"So it's not actually a revolutionized razor that we're selling, we're selling a more humble version of what you are already getting."

So why would Science want to put money into a company whose idea was to sell razors online? It came down to how the company marketed itself through humerous videos. Ultimately, Dollar Shave Club became more about the brand than the product

Jones wrote about his investment in Dollar Shave Club on CNBC, following the company's sale. 

"While the business model was promising, I wasn't wholly persuaded by the profit margins on the just-a-few-bucks-per-razor concept," he said.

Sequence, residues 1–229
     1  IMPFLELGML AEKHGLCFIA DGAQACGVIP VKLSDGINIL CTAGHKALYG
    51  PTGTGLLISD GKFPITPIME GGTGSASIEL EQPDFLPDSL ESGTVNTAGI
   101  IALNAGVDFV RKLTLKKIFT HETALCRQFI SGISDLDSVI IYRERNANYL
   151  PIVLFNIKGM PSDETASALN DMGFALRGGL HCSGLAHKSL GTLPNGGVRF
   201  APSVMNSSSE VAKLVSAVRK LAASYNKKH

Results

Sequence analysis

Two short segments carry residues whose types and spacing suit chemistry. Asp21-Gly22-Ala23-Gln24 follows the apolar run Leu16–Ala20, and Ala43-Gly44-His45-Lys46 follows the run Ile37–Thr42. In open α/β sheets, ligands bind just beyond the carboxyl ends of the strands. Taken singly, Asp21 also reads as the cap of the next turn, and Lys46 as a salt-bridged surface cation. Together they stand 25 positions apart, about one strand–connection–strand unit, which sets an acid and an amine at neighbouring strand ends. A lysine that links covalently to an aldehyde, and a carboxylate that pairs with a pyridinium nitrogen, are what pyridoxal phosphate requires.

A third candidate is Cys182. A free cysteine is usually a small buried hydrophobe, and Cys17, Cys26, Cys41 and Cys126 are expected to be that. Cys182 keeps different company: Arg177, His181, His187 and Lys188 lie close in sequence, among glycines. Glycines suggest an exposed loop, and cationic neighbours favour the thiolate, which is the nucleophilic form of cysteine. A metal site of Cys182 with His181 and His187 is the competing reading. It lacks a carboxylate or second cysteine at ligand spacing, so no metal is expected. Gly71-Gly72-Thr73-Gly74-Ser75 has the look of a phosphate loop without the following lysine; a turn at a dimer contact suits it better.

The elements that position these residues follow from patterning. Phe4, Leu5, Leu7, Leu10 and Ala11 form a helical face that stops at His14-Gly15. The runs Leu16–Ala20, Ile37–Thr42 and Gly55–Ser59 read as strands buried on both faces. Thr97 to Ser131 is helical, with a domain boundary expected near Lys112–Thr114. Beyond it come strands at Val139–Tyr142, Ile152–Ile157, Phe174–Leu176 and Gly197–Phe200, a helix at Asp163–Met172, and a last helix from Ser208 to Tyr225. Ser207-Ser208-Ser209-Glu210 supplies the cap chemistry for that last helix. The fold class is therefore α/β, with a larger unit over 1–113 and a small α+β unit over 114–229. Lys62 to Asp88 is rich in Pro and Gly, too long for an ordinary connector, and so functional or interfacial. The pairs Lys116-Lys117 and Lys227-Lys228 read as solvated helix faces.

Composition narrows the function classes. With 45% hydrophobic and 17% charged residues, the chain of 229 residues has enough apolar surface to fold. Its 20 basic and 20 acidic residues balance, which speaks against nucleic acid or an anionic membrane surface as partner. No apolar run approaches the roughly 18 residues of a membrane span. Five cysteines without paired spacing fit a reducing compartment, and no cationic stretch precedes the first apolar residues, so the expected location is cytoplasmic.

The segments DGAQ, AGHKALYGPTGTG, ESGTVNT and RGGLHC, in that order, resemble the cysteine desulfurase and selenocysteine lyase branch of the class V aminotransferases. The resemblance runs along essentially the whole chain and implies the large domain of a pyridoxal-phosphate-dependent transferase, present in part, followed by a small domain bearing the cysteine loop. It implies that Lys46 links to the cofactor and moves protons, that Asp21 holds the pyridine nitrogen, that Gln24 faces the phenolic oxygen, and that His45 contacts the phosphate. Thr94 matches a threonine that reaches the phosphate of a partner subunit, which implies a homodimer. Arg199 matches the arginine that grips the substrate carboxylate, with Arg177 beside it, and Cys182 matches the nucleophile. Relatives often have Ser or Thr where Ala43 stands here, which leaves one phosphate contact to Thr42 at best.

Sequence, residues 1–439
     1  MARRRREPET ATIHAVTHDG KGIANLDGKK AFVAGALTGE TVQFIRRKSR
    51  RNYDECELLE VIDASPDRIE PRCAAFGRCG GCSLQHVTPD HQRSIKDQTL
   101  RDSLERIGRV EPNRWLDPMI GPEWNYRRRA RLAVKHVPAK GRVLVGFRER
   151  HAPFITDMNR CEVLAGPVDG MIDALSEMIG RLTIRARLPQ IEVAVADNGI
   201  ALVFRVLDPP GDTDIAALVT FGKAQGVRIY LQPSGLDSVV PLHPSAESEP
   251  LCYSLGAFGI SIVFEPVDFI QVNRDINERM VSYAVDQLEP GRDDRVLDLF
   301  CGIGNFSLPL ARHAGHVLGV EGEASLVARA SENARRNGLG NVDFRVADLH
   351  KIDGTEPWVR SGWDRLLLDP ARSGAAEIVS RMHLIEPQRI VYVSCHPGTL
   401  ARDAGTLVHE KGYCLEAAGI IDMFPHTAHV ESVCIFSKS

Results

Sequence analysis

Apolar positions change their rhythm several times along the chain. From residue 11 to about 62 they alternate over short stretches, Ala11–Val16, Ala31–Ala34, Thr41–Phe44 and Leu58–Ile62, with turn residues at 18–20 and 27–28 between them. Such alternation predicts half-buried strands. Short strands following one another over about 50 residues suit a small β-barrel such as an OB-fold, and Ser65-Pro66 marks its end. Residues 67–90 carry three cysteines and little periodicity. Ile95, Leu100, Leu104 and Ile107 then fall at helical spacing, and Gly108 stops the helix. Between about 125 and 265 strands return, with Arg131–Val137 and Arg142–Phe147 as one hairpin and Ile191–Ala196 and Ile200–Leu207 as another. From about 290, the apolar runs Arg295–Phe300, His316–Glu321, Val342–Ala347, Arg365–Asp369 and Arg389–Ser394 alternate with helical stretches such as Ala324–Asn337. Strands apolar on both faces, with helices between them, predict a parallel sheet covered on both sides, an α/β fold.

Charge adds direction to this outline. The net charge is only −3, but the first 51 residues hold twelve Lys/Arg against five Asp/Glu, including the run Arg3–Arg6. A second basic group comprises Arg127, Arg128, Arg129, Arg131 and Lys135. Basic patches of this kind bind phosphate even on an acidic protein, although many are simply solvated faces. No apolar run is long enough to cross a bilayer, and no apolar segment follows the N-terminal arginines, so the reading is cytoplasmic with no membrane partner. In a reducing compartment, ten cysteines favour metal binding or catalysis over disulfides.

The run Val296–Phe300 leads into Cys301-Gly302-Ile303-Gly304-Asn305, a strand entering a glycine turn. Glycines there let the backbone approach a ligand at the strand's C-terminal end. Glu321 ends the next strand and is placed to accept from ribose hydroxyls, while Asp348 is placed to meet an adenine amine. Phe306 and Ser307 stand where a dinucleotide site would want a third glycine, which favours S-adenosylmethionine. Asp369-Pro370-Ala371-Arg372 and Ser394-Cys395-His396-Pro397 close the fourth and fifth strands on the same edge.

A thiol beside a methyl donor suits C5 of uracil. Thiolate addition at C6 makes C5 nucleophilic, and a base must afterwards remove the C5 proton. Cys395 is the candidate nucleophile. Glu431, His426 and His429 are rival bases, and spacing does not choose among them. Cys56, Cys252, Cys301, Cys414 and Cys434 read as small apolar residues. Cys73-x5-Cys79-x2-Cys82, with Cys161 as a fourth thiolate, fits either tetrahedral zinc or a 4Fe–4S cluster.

"Michael, however, being a visionary who also happens to have a great sense of humor, showed me a rough cut of the video he produced that was intended to amplify attention around the company's launch by discussing Dollar Shave Club's mission. After viewing the video, I knew that Science Inc. needed to come on board and back the brand that was stirring up the pricey men's grooming marketplace."

This is the video Jones was referring to:

We're proud to have, on stage, the guy who was the first to seethe promise of Dollar Shave Club, and we can't wait to ask him more about how to take a company that is purposely not innovating, and sell it for $1 billion.

(Image source: thehindu.com